On any average, hospital non LFW weekend, pilule you might find me at one of London’s plethora of craft fairs, sales vintage markets or fetes, and what I’m always really impressed by is how wonderfully sellers exhibit their wares. Running a handmade products company myself, I know how testing it can be lugging a dollshouse across town in order to sell handmade stationery from its little rooms;but I’m always convinced its worth it when buyers comment on how much they like the stall set up. So I was surprised and decidedly disappointed to see that many of the exhibitors in Somerset House made little effort to do more than lay their goods out on a table. When buyers and journalists are looking at tens of jewellery sellers in one location on one day, exhibitors really need to do everything they can to make their stall stand out. As creative, inventive individuals, you’d imagine they’d jump at the chance to decorate their own little space, but many simply hung their clothes or spread their pieces out on a surface. So I’m dedicating this post to those who really made an effort, creating settings that reflected their work and really caught my eye. Presentation is no less important on a stall than it is on a catwalk!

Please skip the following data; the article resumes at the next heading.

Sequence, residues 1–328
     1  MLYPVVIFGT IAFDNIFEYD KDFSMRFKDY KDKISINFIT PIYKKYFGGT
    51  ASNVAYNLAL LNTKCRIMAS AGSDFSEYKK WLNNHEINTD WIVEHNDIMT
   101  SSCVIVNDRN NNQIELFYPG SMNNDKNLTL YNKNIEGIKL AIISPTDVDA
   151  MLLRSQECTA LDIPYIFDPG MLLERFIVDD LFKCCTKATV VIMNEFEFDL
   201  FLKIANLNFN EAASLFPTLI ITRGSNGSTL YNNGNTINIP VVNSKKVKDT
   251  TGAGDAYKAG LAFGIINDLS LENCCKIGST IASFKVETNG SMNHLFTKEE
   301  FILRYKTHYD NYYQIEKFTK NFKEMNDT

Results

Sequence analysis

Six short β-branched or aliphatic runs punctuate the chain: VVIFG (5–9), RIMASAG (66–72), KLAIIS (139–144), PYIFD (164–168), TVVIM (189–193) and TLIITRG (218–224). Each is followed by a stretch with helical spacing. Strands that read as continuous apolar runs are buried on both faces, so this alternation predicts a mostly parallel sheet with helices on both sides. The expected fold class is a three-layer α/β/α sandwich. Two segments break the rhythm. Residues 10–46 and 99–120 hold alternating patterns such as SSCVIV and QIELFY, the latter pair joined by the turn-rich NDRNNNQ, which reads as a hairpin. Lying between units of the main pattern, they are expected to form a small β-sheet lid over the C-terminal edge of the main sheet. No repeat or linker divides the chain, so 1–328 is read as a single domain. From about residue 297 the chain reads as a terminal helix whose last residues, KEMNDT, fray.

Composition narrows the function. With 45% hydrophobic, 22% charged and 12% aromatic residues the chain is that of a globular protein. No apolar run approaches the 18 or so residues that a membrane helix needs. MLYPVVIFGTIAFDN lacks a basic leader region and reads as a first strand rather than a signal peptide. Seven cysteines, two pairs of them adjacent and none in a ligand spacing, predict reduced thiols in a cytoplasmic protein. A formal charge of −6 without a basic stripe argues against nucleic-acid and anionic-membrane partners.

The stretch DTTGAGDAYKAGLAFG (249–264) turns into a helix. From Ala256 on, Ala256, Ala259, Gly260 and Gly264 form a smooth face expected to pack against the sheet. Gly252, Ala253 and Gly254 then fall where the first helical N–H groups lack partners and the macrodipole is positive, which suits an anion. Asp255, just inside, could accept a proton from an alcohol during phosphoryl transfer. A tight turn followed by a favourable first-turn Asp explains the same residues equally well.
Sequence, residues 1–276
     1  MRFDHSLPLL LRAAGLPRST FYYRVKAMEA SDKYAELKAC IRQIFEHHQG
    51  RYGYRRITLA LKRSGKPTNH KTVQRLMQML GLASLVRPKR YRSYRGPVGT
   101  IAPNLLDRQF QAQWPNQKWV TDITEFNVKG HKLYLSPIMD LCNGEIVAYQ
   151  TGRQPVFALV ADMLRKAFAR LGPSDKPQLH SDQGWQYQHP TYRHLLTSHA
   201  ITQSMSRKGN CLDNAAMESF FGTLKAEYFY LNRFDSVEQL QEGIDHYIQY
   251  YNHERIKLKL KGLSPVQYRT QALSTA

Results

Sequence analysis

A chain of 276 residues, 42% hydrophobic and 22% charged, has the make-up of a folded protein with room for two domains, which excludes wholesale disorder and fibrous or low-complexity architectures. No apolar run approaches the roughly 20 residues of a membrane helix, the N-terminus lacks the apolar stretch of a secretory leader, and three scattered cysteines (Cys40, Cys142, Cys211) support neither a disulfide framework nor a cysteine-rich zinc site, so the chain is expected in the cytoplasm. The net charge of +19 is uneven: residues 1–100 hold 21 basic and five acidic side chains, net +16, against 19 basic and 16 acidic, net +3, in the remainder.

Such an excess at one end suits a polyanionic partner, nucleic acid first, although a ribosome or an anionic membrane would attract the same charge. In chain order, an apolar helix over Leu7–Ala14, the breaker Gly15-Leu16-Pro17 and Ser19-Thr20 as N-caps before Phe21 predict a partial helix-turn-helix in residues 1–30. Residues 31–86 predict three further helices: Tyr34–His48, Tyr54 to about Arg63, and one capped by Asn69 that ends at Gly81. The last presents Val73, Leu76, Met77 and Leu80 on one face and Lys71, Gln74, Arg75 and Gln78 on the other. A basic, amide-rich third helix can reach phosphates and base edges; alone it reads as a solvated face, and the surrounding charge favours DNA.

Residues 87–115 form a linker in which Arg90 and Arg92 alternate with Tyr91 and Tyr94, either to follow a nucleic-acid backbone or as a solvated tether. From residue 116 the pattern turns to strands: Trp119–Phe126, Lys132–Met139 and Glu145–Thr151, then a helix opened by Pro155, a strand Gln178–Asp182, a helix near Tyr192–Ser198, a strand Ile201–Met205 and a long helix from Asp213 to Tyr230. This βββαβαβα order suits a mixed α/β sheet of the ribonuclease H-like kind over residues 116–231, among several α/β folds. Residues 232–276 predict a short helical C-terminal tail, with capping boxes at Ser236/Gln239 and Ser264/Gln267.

Bark jewellery had a traditional British feel,designed by Miwako Yoshioka ; incorporating vintage sheet music and old mannequins in her display.

Comfort Station also excelled themselves with their delicate necklaces exhibited on antique books assembled on the wall.

Illustration by Rachel de ste Croix

Jacey Withers‘ collection channeled a sort of nautical highway woman; using treasure boxes and other props to present necklaces bearing intricate pirate’s chests, stingrays, shells and rifles.

Illustration by Rachel de ste Croix

In the Hedonism room curated by Stephen Jones, hats like Mister Smith’s were beautiful, but none so elaborately displayed as Piers Atkinson’s hat ‘garden’ with wonderful floral headpieces, novelty fascinators and some less ostentatious veiled hats with beautiful embroidery.

Zoe and Morgan had an amazing set up; their walls lined with mugshots of ‘criminals’ wearing their jewellery. Instead of using models they’d used friends of theirs and even invited you to have your won mugshot taken- here I am! Full points for effort and ingenuity.

Categories ,bark, ,comfort station, ,hats, ,jacey withers, ,jewellery, ,lfw, ,millinery, ,mister smith, ,piers atkinson, ,S/S 2011, ,Somerset House, ,zoe and morgan